No one in Missouri can predict the future. No one knows if or when they might suffer a medical issue that leaves them incapacitated. Sadly, it happens, and if one lacks the proper estate planning documents, one’s wishes may not be known or honored.
If a person becomes incapacitated, someone has to make medical decisions for them. Who gets that responsibility? By using a health care directive, the person granting the power gets to decide who his or her personal representative will be.
What happens if one does not have a health care directive in place? Medical decisions are typically made by immediate family members — spouse, parents or siblings. They may also be made by medical staff. If there are arguments about care, a judge may get the final say on what treatments one should receive — who really wants that?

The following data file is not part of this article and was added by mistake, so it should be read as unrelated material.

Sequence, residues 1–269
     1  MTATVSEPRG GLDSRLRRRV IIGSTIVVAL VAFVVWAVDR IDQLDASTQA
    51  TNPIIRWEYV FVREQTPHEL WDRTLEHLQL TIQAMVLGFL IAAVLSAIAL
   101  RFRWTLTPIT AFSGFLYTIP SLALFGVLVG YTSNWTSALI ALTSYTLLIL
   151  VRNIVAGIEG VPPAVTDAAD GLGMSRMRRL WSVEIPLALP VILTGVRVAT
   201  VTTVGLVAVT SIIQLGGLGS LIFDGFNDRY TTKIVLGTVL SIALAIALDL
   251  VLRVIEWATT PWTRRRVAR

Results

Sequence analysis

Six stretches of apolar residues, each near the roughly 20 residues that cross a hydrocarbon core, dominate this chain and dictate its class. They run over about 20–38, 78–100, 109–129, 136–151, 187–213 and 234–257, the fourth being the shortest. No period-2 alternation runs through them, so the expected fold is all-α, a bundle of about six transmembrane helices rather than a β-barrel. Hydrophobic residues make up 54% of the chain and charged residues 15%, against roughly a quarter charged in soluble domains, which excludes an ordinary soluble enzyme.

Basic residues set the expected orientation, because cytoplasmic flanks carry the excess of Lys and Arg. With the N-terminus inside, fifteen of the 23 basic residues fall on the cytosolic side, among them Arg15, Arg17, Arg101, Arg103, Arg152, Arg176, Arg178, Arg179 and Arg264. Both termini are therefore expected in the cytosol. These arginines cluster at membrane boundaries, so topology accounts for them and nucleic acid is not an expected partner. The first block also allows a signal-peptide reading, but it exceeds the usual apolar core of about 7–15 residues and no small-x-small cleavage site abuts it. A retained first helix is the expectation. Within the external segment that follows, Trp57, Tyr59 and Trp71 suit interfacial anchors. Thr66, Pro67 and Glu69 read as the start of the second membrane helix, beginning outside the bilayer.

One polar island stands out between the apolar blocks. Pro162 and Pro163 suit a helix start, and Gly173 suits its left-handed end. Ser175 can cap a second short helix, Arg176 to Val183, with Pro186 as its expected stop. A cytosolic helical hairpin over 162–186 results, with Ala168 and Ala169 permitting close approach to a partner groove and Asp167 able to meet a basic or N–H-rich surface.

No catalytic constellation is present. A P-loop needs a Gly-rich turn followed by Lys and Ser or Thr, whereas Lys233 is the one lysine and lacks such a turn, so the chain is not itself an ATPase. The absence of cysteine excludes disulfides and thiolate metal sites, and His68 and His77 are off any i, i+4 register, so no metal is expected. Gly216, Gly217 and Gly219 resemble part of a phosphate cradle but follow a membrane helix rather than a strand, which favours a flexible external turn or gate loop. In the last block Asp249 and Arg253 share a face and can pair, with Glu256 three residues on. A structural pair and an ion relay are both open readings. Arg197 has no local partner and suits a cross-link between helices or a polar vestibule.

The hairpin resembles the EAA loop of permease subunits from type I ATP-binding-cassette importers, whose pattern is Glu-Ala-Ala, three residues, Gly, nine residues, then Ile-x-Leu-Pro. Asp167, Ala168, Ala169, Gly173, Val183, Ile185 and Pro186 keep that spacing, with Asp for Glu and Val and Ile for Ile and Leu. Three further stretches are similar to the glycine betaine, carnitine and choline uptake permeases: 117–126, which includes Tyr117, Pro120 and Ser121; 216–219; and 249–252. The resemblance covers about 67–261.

Missouri residents who want a say in how they are treated when incapacitated have to take steps to protect themselves, which they can do through the estate planning process. Many people may not be aware that estate planning is about more than protecting one’s assets and loved ones when one passes away. It is about protecting oneself. A health care directive is simply part of a solid estate plan. This document not only allows a person to designate an agent to make medical decisions in the event he or she is unable to do so, but it can also include detailed instructions for how one wants to be taken care of and how to deal with end-of-life treatment.